Individual item and person fit were analysed using Infit and Outfit statistics to indicate how well data conformed to the Rasch model. For each one of these fit statistics, Winsteps provides Mean Square (MNSQ) and Z-Standardized Scores (ZSTD) . As a general rule, it is recommended to begin fit analysis by looking at Outfit before Infit, and MNSQ before ZSTD. The expected value for MNSQ is approximately 1.0, and values between 0.5 and 1.5 are considered productive for measurement . If the MNSQ value is beyond this range, ZSTD must be checked – ZSTD values of 2.0 or more indicate statistically significant model misfit . If misfitting items or individuals are found, an iterative process proposed by Linacre (2010) may be used to address these issues . Analysis begins by deleting the “really really bad” items and individuals, and then the analysis is run again. In the next step, the “really bad” items and individuals are further deleted, and the analysis is run again while results are compared to the previous step. The process continues until the most adequate statistics are obtained.
Unidimensionality was examined with Principal Component analysis (PCA) of the residuals. In unidimensional measures, it is expected that the observed variance explained by the measures roughly matches the expected variance in the model. In addition, PCA analyses the components in the correlation matrix of the residuals (called contrasts). The “first contrast” is the component that explains the largest possible amount of variance in the residuals . If the unexplained variance found in the first contrast is up to 2.0 Eigenvalue, the biggest possible secondary dimension has the strength of less than 2 items. The decision to consider a measure as unidimensional or multidimensional is usually made by the researcher according to the purposes of the test. However, unexplained variances in the first contrast greater than 2.0 Eigenvalue may indicate the presence of a second dimension .
Reliability was evaluated using the indices provided by Winsteps: person separation index, person reliability, item separation, and item reliability. The separation indices give an estimate of the spread of items or individuals along the continuum of ability and reflect the number of distinct strata in which the sample or items can be divided . The reliability reports how reproducible the person and item measure orders (i.e., their locations on the continuum) are . A person separation index of 1.5 or a person reliability coefficient of 0.7 represent an acceptable level of separation and is considered the minimum required to divide the sample into two distinct strata (i.e., low and high ability) , while a person separation index of 2.0 and a person reliability of 0.8 represent a good level of separation and are considered the minimum preferable values . Item separation index and item reliability are interpreted using the same criteria. According to Rasch guidelines, if the item reliability and separation are below the required values, a bigger sample is necessary; if the person reliability and separation are below the required values, the test needs more items .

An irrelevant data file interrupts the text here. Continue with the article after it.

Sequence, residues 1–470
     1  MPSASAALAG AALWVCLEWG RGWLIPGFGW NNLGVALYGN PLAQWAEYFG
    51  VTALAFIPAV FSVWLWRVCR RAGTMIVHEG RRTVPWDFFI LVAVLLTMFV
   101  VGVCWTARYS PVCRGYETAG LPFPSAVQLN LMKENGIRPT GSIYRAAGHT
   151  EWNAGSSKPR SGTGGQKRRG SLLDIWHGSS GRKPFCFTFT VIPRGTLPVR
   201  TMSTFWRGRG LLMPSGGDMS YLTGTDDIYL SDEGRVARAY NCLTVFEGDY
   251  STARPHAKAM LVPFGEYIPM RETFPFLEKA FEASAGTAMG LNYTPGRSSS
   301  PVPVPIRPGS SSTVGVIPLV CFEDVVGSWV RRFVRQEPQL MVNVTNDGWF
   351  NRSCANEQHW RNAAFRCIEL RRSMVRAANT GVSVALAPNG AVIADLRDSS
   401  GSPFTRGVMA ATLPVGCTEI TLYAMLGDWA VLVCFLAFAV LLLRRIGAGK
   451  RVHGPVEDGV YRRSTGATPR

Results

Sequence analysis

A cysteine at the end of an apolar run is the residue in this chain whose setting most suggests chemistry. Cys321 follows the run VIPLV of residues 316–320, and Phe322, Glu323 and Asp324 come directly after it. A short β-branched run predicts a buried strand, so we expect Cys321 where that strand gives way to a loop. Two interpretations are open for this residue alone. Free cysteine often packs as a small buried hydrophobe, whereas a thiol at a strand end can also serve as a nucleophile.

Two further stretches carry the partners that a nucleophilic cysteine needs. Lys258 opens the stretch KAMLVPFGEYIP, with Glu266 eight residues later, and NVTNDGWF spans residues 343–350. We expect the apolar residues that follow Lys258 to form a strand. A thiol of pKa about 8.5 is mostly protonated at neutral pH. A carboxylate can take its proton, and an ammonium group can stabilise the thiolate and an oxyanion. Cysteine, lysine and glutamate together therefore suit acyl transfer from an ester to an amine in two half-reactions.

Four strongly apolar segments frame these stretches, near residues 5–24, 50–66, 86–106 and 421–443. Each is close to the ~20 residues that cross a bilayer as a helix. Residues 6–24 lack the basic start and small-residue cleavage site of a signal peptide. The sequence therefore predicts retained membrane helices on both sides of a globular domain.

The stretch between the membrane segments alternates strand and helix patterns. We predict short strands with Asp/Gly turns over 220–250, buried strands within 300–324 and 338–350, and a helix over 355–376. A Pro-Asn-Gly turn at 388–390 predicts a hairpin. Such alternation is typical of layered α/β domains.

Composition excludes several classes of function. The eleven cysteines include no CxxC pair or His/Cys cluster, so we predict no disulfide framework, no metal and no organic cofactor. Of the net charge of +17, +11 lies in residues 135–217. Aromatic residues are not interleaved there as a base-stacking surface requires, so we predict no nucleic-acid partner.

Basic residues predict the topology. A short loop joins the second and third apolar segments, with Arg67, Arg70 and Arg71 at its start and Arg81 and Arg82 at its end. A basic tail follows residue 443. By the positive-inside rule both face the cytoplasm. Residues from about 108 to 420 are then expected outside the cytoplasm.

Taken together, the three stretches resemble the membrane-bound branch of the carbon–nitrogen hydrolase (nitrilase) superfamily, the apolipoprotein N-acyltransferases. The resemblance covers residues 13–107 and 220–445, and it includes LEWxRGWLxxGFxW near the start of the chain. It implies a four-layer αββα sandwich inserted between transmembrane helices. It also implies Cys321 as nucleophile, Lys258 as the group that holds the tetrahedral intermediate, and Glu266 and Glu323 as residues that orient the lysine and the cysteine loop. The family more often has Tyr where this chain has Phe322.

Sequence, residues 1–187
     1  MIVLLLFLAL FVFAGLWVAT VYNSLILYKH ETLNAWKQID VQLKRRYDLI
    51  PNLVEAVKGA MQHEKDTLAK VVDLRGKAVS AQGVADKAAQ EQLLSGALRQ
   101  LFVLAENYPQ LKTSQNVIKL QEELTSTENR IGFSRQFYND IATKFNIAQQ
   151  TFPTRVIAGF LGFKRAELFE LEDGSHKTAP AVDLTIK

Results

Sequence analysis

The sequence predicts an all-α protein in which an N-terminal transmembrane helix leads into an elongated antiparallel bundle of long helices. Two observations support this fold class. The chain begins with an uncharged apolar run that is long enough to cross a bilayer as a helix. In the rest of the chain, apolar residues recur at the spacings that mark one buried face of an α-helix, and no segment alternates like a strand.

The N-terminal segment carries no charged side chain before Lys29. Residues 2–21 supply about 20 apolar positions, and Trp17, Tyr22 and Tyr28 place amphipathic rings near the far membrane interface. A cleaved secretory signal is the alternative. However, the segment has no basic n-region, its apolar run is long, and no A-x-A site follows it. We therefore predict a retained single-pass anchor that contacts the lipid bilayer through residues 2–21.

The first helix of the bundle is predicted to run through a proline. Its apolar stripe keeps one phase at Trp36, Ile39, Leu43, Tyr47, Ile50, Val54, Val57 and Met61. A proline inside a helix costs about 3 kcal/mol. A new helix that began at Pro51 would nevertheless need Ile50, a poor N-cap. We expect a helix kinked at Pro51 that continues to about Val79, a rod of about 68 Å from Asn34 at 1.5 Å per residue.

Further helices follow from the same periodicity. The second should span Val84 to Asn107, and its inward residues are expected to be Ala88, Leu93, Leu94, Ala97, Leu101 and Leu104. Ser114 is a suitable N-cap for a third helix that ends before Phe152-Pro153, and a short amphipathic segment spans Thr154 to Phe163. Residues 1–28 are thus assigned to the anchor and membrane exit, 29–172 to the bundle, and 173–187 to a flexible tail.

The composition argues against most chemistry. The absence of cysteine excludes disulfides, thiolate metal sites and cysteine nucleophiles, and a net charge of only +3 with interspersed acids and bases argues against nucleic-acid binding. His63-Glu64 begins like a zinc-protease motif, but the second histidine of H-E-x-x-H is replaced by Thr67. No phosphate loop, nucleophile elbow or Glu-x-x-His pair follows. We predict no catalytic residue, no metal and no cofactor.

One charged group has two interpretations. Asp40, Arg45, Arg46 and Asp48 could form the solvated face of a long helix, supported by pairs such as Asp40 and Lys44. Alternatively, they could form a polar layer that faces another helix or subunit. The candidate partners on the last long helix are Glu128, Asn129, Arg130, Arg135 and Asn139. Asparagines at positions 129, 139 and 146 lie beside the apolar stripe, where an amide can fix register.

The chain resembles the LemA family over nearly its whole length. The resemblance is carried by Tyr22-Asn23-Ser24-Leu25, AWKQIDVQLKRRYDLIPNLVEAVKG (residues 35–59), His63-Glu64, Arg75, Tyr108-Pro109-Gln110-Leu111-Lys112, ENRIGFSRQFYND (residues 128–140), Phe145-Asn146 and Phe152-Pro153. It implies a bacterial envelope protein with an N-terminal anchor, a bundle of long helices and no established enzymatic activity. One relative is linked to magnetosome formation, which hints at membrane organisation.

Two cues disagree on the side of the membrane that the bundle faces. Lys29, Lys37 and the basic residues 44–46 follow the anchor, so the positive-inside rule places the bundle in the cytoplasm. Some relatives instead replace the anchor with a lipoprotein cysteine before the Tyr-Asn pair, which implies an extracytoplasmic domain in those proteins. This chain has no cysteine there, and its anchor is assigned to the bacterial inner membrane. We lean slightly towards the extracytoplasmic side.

Differential Item Functioning (DIF) was explored in two sub-groups of individuals categorized by gender (men and women) and duration of symptoms (acute or chronic – defined as more than 6 months of symptom duration). The presence of noticeable DIF was defined by two criteria: 1) DIF contrast >0.5 logits, and 2) significant enough not to have occurred by chance (t > 2.0) .
P-Scale item difficulty and person ability were plotted graphically in a person-item map. The person-item maps (also called Wright Maps) allow the visual analysis of the relationship between the measures of individuals and items. The use of these maps assists in the assessment of positive and negative issues, such as item redundancy (i.e., items at the same difficulty level), trait gaps (that may indicate the need of more items to fill the gaps), ordering of items matching the prediction of the test author or users (i.e., construct validity), and targeting between the items and sample (i.e., whether item difficulty range matches the sample ability range) .
The sample size (302 participants) was adequate for Rasch analysis. According to parameters defined by Linacre (1994), a sample size of 243 respondents may be sufficient to provide 99% confidence of the person estimates being within ±0.5 logits .